The Advisory


2022 Q4

Info on New Lease Accounting Standards and More on Our New Resources Page

We have added a new “Resources” page on our website, where you can access the following free information:

  • A newly posted topic video discussing the primary changes you can expect for implementing the new leasing standards under GAAP
  • Our handout on “Avoiding the Five Common Mistakes That Family Businesses Make”
  • Previous editions of this newsletter, going back to Q4 2020

…and more to come. Visit to check it out!

Proposed Labor Rule—Employees vs. Independent Contractors

In October, the U.S. Department of Labor proposed a new rule that would broaden the scope of workers required to be classified as employees rather than independent contractors. Under the new rule, any worker considered “economically dependent” on a company must be classified as an employee. This takes the following factors into consideration:

  • The worker’s opportunity for profit or loss
  • The worker’s investment in the job
  • The worker’s permanence
  • The degree of control by the employer over the worker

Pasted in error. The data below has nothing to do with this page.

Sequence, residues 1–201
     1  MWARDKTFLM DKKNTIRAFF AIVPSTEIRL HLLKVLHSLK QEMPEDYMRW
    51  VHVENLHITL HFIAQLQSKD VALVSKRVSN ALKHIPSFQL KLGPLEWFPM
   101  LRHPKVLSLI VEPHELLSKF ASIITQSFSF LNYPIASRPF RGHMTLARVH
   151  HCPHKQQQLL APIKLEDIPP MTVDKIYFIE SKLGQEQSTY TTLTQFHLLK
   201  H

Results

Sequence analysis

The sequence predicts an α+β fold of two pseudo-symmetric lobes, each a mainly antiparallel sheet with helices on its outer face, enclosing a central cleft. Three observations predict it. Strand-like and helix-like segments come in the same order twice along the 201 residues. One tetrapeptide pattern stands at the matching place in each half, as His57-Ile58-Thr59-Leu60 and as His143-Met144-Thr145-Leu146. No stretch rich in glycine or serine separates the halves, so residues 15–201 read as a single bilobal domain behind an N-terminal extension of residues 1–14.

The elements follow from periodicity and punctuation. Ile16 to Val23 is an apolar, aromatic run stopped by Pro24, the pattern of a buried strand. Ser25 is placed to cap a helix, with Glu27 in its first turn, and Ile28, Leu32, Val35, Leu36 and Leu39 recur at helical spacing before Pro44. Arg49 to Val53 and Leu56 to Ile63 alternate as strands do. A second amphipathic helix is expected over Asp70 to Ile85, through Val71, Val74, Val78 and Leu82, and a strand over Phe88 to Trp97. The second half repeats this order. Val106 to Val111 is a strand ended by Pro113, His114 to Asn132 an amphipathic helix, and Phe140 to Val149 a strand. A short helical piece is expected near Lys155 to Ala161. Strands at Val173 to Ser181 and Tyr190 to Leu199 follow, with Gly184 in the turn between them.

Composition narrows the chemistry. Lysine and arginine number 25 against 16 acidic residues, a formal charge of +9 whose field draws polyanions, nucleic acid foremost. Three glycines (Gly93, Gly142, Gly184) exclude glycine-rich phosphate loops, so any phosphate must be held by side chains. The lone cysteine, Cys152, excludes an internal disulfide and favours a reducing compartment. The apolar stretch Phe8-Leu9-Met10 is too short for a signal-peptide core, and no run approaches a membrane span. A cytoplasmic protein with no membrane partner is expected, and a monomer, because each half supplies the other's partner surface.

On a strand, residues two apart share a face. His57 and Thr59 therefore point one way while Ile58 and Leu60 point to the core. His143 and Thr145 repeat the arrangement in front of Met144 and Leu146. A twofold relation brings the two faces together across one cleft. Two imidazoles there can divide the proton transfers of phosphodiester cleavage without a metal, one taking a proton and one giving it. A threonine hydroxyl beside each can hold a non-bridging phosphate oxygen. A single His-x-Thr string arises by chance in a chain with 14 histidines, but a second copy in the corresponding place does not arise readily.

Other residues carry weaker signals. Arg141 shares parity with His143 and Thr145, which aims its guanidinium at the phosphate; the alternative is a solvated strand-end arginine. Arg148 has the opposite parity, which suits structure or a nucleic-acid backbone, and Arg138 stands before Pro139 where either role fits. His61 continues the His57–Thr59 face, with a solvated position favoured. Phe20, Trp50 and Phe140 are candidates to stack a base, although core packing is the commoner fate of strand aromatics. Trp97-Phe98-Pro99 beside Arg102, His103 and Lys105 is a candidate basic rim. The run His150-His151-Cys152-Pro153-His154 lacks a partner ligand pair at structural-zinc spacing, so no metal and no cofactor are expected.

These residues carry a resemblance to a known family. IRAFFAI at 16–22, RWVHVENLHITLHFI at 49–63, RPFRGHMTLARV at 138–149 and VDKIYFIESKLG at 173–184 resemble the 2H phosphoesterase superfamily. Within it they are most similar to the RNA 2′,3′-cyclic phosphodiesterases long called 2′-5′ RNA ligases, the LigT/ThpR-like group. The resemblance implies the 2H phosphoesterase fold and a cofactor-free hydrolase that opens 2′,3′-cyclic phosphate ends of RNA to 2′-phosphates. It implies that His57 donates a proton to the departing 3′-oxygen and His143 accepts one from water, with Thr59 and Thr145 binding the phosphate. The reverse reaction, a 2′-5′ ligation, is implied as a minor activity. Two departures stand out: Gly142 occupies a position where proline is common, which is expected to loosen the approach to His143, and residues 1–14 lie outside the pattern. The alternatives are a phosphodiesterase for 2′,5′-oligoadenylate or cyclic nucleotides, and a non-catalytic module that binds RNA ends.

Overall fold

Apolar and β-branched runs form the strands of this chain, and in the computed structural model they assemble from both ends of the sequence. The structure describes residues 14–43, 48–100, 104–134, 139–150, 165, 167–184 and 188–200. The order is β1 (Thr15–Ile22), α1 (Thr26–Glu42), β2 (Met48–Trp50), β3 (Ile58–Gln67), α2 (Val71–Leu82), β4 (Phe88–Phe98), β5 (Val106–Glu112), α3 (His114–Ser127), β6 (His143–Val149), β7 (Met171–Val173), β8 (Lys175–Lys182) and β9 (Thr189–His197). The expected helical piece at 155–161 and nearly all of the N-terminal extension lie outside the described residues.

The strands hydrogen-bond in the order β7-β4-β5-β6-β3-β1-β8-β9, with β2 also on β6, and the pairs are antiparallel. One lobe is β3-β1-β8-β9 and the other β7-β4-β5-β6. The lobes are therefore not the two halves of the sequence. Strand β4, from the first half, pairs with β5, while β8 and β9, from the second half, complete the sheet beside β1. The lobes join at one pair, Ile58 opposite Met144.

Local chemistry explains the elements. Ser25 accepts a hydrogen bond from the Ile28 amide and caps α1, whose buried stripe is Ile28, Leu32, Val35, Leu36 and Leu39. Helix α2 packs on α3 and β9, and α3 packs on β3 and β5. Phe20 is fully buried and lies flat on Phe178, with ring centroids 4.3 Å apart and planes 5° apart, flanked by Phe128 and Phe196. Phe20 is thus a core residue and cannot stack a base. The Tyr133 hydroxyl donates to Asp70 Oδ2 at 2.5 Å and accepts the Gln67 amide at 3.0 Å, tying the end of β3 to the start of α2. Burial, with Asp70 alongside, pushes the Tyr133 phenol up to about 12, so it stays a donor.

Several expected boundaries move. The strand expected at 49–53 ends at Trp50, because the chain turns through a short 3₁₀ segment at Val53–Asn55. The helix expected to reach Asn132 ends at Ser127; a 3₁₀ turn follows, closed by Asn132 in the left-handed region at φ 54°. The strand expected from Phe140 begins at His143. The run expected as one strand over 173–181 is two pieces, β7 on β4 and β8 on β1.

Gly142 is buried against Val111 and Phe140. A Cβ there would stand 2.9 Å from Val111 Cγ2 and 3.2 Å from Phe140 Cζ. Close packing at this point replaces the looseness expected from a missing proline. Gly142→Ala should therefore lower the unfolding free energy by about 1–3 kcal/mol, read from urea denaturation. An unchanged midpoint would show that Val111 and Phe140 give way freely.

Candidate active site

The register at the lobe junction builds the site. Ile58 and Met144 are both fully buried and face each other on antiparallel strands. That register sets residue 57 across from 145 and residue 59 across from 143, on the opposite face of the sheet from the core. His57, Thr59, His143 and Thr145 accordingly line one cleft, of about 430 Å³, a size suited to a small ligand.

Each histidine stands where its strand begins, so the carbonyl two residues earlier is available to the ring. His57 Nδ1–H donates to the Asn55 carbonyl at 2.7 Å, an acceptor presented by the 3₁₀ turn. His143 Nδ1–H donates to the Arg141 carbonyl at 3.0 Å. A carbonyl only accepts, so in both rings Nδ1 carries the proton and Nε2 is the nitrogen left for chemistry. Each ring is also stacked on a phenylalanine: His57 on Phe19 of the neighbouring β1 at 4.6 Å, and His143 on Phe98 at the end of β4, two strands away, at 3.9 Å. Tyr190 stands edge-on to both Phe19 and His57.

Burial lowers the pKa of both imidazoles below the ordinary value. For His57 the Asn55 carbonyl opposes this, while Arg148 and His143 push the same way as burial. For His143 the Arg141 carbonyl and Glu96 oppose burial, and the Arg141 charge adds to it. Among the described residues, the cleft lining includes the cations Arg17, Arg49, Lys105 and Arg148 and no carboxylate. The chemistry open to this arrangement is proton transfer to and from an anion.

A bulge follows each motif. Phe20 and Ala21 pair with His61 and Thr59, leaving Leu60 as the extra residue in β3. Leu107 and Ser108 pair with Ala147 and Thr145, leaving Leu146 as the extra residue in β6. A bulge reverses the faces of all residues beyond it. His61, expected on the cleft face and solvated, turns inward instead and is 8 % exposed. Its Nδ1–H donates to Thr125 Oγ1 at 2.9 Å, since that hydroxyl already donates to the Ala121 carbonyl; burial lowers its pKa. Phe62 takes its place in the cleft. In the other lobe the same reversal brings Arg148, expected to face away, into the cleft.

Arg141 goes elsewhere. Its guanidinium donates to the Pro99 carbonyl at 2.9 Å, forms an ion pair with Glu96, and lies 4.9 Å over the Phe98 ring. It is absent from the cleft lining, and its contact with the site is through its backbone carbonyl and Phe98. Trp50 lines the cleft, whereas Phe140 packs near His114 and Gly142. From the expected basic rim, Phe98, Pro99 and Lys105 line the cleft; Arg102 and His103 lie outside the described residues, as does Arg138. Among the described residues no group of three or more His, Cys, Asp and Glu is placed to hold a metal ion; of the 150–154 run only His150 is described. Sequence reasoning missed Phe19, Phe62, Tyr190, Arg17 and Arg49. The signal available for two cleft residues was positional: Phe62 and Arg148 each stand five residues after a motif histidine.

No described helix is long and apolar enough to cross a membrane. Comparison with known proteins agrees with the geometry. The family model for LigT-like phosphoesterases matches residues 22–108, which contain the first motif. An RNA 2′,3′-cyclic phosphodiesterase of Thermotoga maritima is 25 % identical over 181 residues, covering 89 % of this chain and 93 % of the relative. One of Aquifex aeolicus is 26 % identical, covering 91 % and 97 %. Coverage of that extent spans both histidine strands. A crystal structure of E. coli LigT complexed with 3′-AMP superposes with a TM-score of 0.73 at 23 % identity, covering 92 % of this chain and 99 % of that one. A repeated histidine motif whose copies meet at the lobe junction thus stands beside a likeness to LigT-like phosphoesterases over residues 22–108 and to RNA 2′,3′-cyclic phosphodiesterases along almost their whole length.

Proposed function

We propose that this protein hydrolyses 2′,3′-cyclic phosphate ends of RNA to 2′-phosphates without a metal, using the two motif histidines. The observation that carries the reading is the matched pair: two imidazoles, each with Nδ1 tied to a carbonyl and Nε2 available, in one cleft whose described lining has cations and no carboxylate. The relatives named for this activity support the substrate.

• Whether the work is an integral part of the employer’s business

The proposed rule would generally increase costs for employers because any newly reclassified employees would need to be brought into the company’s benefit programs, and the company is then responsible for paying the employer’s share of payroll taxes on the employee’s wages.

For current independent contractors that are reclassified as employees, the effects are more of a mixed bag, with some of the following potential pros and cons:

  • Pro: Would be eligible for employer-provided benefits, which are often cheaper than the same when obtained individually
  • Pro: No longer subject to self-employment taxes
  • Pro: Guaranteed minimum wage and potentially eligible for overtime wages
  • Con: Can no longer deduct employment-related costs on Schedule C
  • Con: Potentially reduced “wages” due to increased employer costs

After the conclusion of the comment period, the finalized rule is expected to be announced in 2023.

For more on this, see “Biden Labor Proposal Shakes Up Gig Economy That Relies on Contractors.”